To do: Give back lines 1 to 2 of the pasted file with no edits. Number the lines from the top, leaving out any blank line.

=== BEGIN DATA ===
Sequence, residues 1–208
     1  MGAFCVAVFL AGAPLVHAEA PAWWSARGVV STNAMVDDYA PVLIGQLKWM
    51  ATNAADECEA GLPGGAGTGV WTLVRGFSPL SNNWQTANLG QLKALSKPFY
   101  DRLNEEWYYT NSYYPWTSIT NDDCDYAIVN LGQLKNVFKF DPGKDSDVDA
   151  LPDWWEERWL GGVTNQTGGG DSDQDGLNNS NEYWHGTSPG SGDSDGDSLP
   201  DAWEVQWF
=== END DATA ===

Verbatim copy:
Sequence, residues 1–208
     1  MGAFCVAVFL AGAPLVHAEA PAWWSARGVV STNAMVDDYA PVLIGQLKWM